Where county preservation trumps partisan politics


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    Paul Hodge stands in front of his home in western Loudoun County, Virginia.

    - Nancy Marshall-Genzer

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    Western Loudoun County residents are banding together to protect the countryside.

    - Nancy Marshall-Genzer

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    Paul Hodge feeds his horses.

    - Nancy Marshall-Genzer

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    Signs for Mitt Romney along a country road in western Loudoun County.

    - Nancy Marshall-Genzer

It’s a sunny, Indian summer Thursday in Loudoun County, Va. Eastern Loudoun County is a bustling, urban center. The western half of the county is rural. It's horse country, and it's a place where horse lovers are crossing party lines to preserve the bucolic landscape. At the end of a maze of dusty, dirt roads in western Loudoun County is the home of Paul Hodge. 

Hodge is a lanky, energetic 77-year-old. He's just been watering a thriving garden that is in fact located on a small farm. A retired Washington Post reporter, he’s still just 50 miles west of the capital. Now Hodge spends his days telling the story of Unison, Virginia, the tiny town just down the road from his farm. He founded the Unison Preservation society 11 years ago and works closely with his neighbors on preservation. Many of them have big spreads, and they go fox hunting.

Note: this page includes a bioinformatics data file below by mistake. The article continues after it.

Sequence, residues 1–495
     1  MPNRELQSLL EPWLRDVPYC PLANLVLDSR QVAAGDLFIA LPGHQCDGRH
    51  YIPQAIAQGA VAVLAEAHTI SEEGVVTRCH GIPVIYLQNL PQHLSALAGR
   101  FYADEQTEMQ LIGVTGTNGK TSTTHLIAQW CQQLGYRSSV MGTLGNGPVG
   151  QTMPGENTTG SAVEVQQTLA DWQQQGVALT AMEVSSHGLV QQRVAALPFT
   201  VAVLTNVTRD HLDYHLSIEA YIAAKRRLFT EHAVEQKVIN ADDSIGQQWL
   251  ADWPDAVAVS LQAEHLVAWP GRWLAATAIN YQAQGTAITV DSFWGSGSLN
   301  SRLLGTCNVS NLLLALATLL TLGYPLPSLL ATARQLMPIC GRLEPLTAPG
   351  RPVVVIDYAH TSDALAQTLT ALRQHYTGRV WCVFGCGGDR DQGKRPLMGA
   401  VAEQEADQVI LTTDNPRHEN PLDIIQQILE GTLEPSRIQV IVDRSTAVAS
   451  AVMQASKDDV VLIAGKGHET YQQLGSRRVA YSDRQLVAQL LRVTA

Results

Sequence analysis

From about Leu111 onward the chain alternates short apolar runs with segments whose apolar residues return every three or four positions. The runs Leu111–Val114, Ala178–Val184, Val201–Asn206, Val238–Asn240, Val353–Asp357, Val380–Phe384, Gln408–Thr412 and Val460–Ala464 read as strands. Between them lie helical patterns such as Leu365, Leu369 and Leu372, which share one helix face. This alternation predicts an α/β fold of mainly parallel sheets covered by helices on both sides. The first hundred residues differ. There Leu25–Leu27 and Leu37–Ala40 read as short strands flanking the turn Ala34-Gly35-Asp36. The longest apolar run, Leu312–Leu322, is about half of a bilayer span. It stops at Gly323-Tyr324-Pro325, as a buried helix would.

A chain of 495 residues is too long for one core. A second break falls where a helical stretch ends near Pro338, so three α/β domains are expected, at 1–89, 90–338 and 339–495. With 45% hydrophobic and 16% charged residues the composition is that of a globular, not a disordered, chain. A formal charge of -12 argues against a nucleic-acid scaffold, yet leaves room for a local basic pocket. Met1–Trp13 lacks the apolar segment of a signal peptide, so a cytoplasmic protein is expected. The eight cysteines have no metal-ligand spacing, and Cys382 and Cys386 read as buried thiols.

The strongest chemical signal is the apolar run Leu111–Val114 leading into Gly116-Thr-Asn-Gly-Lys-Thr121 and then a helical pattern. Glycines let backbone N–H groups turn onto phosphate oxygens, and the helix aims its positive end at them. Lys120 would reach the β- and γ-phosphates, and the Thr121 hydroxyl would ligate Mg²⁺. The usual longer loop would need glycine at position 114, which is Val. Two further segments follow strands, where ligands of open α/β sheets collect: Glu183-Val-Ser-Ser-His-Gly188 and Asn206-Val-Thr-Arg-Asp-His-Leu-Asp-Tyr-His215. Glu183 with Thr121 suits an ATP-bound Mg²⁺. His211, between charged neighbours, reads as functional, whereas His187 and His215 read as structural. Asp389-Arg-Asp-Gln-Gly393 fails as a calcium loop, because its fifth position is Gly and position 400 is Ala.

Gated estates dot the countryside, as do campaign signs for Mitt Romney. Hodge’s minivan sports an Obama/Biden bumper sticker. Sitting in a sunny room of his farmhouse, Hodge says this election is very important to him, but he and his neighbors have set aside their political differences for the greater goal of preservation.

"Right around here we had people who worked in the Reagan White House handing out Democratic brochures because they were for preservation, not development,” he says.

At one point, Hodge and his neighbors considered seceding from Loudoun County. There was a petition drive, but the state legislature struck it down. Secession is not a new idea around here. Unison is surrounded by old Civil War battlefields. Hodge hops into his minivan and drives down a bumpy gravel road to an old Quaker cemetery. Hodge says Unison was founded by Quakers as a place of religious tolerance, and that spirit endures.

“It’s still today a place where people get along," he says. "So, this election, while you may see stickers, there’s not a lot of anger, which there seems to be in other places.”

Unison has the kind of horse sense the rest of us could use. Especially 50 miles away, in the swamp of Washington, D.C.

About the author

Nancy Marshall-Genzer is a senior reporter for Marketplace based in Washington, D.C. covering daily news.

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